22 January 2016

The (Religious) Problem with Conservatism and Progressivism

As the presidential election campaign heats up in the United States, we would do well to read the following post by Bruce Ashford: The (Religious) Problem with Conservatism and Progressivism. In the midst of an increasingly polarized political landscape, Ashford offers some sorely needed wisdom and trenchant analysis. An excerpt:

Politics in the United States has, for some time, assumed a binary structure. On one side stand the Republicans, who represent conservatism. On the other side stand the Democrats, who represent progressivism. But what most Americans fail to see is that conservatism and progressivism are similar in one significant respect. Both ideologies are “moving targets” that lack transcendent norms, which leads to a nearly endless variety of social ills. It may, at times, be appropriate to be conservative, and at others progressive. But when these designations become normative, they become idolatrous.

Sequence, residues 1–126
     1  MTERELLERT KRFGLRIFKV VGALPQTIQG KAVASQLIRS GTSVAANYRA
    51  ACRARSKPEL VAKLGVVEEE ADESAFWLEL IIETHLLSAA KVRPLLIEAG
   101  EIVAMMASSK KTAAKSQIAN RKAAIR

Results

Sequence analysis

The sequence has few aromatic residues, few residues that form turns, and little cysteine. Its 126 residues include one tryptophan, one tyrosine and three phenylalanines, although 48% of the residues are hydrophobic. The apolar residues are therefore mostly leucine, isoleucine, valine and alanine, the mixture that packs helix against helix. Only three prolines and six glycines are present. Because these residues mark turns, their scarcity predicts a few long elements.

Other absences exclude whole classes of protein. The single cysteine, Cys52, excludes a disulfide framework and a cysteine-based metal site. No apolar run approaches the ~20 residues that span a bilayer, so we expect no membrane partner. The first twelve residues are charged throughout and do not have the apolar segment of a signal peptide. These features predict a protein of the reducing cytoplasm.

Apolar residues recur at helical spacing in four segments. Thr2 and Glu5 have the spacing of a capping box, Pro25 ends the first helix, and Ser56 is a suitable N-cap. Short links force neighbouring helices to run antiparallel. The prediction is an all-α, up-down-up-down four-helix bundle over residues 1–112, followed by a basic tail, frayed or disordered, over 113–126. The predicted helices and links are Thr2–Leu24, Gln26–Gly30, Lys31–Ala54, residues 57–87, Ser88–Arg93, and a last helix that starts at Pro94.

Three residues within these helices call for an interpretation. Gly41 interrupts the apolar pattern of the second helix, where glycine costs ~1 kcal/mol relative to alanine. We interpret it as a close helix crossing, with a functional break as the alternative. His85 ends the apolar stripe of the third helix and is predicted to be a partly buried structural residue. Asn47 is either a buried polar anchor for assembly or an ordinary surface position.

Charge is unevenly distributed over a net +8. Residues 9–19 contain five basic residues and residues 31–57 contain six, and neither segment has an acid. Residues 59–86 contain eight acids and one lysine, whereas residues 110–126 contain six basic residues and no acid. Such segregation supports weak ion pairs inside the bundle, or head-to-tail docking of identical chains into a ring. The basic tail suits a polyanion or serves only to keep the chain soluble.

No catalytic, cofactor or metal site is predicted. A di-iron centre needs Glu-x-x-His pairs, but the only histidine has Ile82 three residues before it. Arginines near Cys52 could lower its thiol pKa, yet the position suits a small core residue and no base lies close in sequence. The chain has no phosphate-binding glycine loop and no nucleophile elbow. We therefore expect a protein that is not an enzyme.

Excellent! Ashford is co-author with Chris Pappalardo of One Nation Under God and is Professor of Theology and Culture at Southeastern Baptist Theological Seminary in Wake Forest, North Carolina.

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